Sunday, May 6, 2012

Isn't it Funny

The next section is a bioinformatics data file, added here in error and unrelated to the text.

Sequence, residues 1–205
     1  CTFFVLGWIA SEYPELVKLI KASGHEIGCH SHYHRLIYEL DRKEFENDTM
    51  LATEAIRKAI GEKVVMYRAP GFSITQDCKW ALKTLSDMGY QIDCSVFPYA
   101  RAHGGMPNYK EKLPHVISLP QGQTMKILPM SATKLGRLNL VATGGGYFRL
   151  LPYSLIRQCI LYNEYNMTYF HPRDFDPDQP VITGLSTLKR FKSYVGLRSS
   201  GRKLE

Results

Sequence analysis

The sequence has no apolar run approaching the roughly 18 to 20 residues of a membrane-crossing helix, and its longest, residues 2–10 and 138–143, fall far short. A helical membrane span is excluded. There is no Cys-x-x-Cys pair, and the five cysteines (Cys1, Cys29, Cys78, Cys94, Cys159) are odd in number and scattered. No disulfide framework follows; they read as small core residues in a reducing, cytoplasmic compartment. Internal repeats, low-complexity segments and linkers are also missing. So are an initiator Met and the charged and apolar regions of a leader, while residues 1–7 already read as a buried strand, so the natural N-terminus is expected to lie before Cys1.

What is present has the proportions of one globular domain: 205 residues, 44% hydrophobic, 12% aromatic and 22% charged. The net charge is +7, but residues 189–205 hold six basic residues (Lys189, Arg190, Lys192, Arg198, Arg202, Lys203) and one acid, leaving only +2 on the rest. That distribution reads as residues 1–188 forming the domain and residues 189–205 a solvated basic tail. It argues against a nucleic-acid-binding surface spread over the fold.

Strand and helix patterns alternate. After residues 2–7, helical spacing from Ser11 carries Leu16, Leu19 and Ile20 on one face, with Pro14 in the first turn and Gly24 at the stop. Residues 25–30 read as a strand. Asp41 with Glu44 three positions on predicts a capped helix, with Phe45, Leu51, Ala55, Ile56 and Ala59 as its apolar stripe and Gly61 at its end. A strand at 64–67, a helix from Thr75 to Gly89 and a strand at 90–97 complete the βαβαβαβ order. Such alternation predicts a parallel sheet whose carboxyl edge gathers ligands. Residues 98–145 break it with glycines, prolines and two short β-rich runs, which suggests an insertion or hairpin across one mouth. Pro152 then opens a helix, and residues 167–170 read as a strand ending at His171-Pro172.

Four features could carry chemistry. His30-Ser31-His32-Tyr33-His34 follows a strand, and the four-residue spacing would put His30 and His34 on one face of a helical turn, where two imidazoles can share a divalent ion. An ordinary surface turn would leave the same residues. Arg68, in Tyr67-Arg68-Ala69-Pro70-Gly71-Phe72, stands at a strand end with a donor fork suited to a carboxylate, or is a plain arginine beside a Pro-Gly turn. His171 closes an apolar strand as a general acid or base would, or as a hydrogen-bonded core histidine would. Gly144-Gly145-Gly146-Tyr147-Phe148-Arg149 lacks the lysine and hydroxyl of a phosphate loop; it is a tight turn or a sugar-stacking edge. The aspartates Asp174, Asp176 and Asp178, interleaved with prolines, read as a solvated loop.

So while on a pinterest spree today I decided that I would pin like every C.S. Lewis quote I could find because I am madly in love with that man and his wisdom. I kind of started becoming obsessed with him when I was a senior in high school and struggling with Christianity and did my senior research paper on The Screwtape Letters, my obsession went full force in college with my religion degree and the advent of the Narnia movies. Anyways, all this to say, one of the quotes I found and pinned said this, "Isn't it funny how day by nothing changes, but when you look back everything is different..." This is how my life has felt lately. Somehow with the end of the semester of school and getting yet another diagnosis, the pain increasing every day, looking at pictures from my "old life" and looking at where I am now, etc, etc. I realize just how different things are, when really it all feels the same. But it all feels the same because even though it was gradual, it was sudden, but I've had time to get settled and into a "routine" as much as someone with chronic illnesses can have a routine anyway. I think the thing that has been upsetting me the most is that I'm constantly surrounded now (because I'm in college again) by people who are so active and free spirited and crazy and work out and I used to be that person and I took it so much for granted. If someone had told me when I was at track practice and complaining about running a few extra laps or doing a couple extra jump drills that in less than 10 years I wouldn't be able to walk more than 75 feet without either feeling like I was going to pass out or passing out before I thought about the feeling. If someone had told me that all the times I 'hurt' from the intense workouts I was doing or the running on the beach, that in less than 10 years I wouldn't be able to get out of bed without being in pain because simply standing up and putting pressure on my joints would be painful. If someone had told me that I would have to use a shower stool, a cane, a wheelchair, etc at the ripe old age of 26 I wouldn't have complained about standing up for an 8 hour shift at the Piggly Wiggly. I don't think I would have complained at all then, if I knew where I would be in 10 years. I think I would have realized how lucky I was and how grateful I should have been for being as healthy and active and blessed as I was. I was an athlete, and a good one. I had a job, I was in the band, I went to college, I could work (at one point I had 3 jobs on top of going to school). I graduated. I got a big girl job. I was still running, my knees hurt sometimes but I was still running 5, 6, 7 miles at a time...until 2 years ago. But they always say hindsight is twenty/twenty so right now it looks like a huge difference, but day by day, it isn't a big deal. Every day, I get up, I evaluate my pain level, I eat breakfast, I go to school, I sit there and get more in pain by the second because of the furniture, I finish up my last class, and come home and take a nap, eat dinner, watch some tv, and go to bed and do it again. Randomly there are dr's appointments thrown in there and they tell me thins that at this point just seem like words and no big deal. Every time I go to the doctor there is some new something so I know that's coming and it doesn't usually phase me. So yeah day by day it doesn't look any different, we tend to do the same or similar things every day, but when you look back it looks so different. Eight months ago, I was a teacher of special needs kids and I loved it...the next day I wasn't that was kind of an earth shattering blow...but two or three days later I was just back to day by day and not looking any different. Two or three weeks ago I 'only' had ulcerative colitis, celiac, fibromyalgia, and orthostatic hypertension. The next day, I had the diagnosis I had been "waiting for"...neurocardiogenic syncope or dysautonomia. I say I had been waiting for it because we had heard about it from several friends, researched it, and it fit me to a T...however, I am not one of those patients that is going to be known as a google doctor and read a whole bunch of information on the internet and walk in and demand a doctor test me for this disease so I can prove I am right. I do steer them in the right direction, but I don't force my uneducated beliefs on them. Anyways, basically all a diagnosis of NCS does is make my disability paperwork keep looking good because there is nothing they can do for it. I can be aware of it and try to fight off the passing out when I feel it coming on and they do have me on beta blockers now to try and stabilize my heart rate (it was going between 130 and 150 pretty much all the time which is way too high). But now it's back to day by day again. We get news and we adjust. We get a routine and we adjust. I have to adjust bigger than other sometimes, but I still adjust. Much of my life is mind over matter and God over human. I trust God and believe in the Spirit (especially after the study the small group is doing right now)and know that He would not give me anything that I cannot handle and He cannot help me through, so you just go back to day by day. I try to live my life as close to normal as possible while I can because I know that one day (probably sooner than later) I won't be able to get out of bed most days, now it's just occasionally. I am not the same as everyone else...I take lots of breaks, and when I look back my life is way more drastically different than most 26 year olds would be, but I still take it day by day like everyone else. And I bet, I laugh at myself way more than anyone else on the face of the planet does...because it is so much easier and takes way less energy to laugh than cry :)

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